Posted on 03/18/2011 at 02:59 PM by Russell Samson
On Thursday, March 17, 2011, the jury in Henry v. Quicken Loans, Inc., Case No. 2:04-cv-40346-SJM-MJH (E.D. Mich.), reached a unanimous verdict for the defendant, Quicken Loans. For those not familiar with this case and there are probably very few in the financial industry who are not both this case and the issue it addresses have a long history. On March 24, 2010, the Wage and Hour Division of the United States Department of Labor issued its first ever Administrators Interpretation No. 2010-1 dealing with the exempt status of mortgage loan officers. Based on a lengthy analysis, the interpretation concluded that employees who perform the typical job duties of a mortgage loan officer . . . do not qualify as bona fide administrative employees who are exempt under the Fair Labor Standards Act. The agency determined instead that individuals with the duties and responsibilities described in the letter typically have the primary duty of making sales on behalf of their employer. As part of AI 2010-1, the DOL withdrew its September 8, 2006 Opinion Letter which had concluded that mortgage loan officers did qualify for the administrative exemption. According to published reports Quicken Loans changed its compensation plans for its web loan officers in May 2010, and began paying overtime pay on top of salary and commissions in accordance with the new interpretation. But the Henry lawsuit began in May 2004, when Quicken Loans was sued in federal court in Detroit in a class action. The class consisted of several hundred individuals who had worked for Quicken Loans as web mortgage bankers at various times from May 2002 (two years prior to the commencement of the lawsuit) to September 2006. During the course of the litigation, the federal court had ruled prior to the issuance of the new interpretation that Quicken Loans was entitled to assert the good faith defense because it relied on the DOLs 2006 Opinion Letter. Under that ruling, even if Quicken Loans had factually misclassified its MLOs, it would face no liability for that misclassification for the period on or after September 8, 2006. Following the issuance of AI 2010-1, and at the invitation of the judge in Henry, the Department of Labor filed an amicus brief in which it asserted that its interpretation of its own ambiguous legislative regulations applies prospectively only. The judge apparently adopted that approach retaining the limitations of May 2002 through September 8, 2006. The trial in Henry began on February 8, 2011, almost seven years after it was filed. Having heard more than a month of testimony, the jury deliberated almost three days before reaching its verdict vindicating Quicken Loans. The case suggests two lessons for employers whether they are in the financial sector or not. First, as the Wage and Hour Division itself reminds everyone, a job title alone doesnt establish exempt status. The exempt or nonexempt status of any employee is determined by whether the employees salary and duties meet the requirements of the regulations. These are very fact-specific inquiries, and in this instance required a trial from February 8 to the middle of March. Any generalization even a generalization of the sort found in the DOLs latest interpretation is dangerous. One needs to look at what an employee is actually doing. Second, both the time commitment and the potential financial exposure for a company in an FLSA lawsuit can be very large. A statement issued by Quicken Loans said:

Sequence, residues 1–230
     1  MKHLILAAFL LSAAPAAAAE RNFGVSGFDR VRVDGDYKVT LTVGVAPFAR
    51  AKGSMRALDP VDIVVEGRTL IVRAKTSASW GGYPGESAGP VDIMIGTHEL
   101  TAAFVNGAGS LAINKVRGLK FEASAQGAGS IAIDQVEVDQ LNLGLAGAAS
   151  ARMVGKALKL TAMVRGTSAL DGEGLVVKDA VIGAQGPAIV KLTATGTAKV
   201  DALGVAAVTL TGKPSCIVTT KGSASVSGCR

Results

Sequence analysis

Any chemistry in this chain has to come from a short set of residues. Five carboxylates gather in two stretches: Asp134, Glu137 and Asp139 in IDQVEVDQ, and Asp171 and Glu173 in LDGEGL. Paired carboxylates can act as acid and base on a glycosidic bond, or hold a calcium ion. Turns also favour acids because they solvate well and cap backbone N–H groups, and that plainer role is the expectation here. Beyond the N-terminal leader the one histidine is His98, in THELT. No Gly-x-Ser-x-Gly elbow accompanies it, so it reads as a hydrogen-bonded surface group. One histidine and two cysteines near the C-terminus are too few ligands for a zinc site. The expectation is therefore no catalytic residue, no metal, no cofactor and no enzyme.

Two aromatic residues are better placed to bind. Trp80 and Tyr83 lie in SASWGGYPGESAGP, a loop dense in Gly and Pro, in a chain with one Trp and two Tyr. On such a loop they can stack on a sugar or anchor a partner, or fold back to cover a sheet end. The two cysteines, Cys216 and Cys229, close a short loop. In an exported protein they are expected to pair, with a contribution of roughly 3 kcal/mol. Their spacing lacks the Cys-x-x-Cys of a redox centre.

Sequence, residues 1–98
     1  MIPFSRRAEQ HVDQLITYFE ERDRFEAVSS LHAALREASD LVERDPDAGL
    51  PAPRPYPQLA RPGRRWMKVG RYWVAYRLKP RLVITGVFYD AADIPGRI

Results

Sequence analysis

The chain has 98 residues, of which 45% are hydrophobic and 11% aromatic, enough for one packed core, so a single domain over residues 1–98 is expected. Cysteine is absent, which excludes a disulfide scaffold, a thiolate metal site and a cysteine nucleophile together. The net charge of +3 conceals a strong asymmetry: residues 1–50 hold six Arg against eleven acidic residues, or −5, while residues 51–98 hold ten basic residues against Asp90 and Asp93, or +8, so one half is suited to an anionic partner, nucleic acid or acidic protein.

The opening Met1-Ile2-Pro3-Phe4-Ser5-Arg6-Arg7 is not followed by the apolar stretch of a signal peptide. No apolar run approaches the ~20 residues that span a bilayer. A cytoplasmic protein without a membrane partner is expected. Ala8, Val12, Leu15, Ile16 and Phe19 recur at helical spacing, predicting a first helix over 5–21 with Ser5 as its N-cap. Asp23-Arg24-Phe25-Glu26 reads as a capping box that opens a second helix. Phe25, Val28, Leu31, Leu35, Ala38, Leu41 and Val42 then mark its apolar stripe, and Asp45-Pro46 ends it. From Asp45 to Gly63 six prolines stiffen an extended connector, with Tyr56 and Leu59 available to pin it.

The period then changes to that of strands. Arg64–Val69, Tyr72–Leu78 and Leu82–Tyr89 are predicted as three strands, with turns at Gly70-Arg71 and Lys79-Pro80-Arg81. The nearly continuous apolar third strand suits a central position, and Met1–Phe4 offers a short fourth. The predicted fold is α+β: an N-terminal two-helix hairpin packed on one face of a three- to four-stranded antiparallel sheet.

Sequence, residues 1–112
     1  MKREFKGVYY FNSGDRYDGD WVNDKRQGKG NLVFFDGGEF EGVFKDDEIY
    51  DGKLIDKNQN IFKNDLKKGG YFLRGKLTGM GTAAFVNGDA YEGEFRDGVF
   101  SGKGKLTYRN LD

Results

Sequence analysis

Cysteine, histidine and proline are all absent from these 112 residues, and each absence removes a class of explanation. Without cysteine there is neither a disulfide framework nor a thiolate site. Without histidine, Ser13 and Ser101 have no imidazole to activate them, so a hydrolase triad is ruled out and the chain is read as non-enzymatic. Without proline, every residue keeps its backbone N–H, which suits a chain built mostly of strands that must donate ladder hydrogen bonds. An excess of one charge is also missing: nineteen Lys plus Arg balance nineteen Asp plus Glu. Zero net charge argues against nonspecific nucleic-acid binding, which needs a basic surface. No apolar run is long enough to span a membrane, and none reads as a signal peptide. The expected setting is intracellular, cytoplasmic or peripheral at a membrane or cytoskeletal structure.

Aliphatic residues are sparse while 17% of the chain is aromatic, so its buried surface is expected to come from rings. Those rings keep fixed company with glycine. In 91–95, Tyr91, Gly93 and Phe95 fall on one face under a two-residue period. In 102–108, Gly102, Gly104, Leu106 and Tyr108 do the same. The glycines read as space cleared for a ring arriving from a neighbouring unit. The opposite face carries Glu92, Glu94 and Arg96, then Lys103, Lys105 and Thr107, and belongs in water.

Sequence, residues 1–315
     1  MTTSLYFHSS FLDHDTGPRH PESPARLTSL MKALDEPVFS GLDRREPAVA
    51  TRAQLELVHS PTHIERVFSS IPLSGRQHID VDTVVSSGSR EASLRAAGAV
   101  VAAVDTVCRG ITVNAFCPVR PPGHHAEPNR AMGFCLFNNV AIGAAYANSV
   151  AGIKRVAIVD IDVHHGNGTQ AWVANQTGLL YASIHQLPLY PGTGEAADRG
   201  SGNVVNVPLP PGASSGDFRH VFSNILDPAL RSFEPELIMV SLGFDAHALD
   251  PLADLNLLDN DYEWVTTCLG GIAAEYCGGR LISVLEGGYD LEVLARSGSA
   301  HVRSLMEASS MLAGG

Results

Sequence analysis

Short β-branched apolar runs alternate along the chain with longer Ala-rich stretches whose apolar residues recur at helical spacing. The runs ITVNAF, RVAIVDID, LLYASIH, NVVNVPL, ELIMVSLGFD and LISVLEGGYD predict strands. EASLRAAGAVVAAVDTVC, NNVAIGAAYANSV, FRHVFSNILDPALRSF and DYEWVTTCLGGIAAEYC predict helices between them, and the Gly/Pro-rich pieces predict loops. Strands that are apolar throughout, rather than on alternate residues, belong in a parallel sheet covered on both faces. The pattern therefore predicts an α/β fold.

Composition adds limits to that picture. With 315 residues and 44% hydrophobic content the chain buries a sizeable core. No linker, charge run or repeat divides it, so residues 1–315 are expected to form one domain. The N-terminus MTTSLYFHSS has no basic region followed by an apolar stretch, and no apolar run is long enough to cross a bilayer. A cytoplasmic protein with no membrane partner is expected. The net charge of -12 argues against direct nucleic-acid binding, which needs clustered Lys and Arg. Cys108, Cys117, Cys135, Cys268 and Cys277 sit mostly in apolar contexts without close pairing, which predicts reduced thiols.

We could have settled this lawsuit and avoided an expensive drawn-out legal battle, but we knew if we fought for what is right that justice would ultimately prevail. Our hope is that todays victory inspires other job-creating companies to defend against meritless lawsuits which drain wealth and productivity from our society.
The Detroit Free Press reports that the Chairman of Quicken Loans said that his legal fees probably exceeded its several millions of dollars in exposure had it lost the case. Music to a defense attorneys ears although fight and pay me is not always the best advice one can give an employer client. The Henry case did not directly involve the 2010 Administrators Interpretation at all. The jury apparently determined that Quicken Loans properly classified and compensated the employees in the Henry plaintiff class because their duties and responsibilities qualified them for the administrative exemption. There will no doubt be an appeal.
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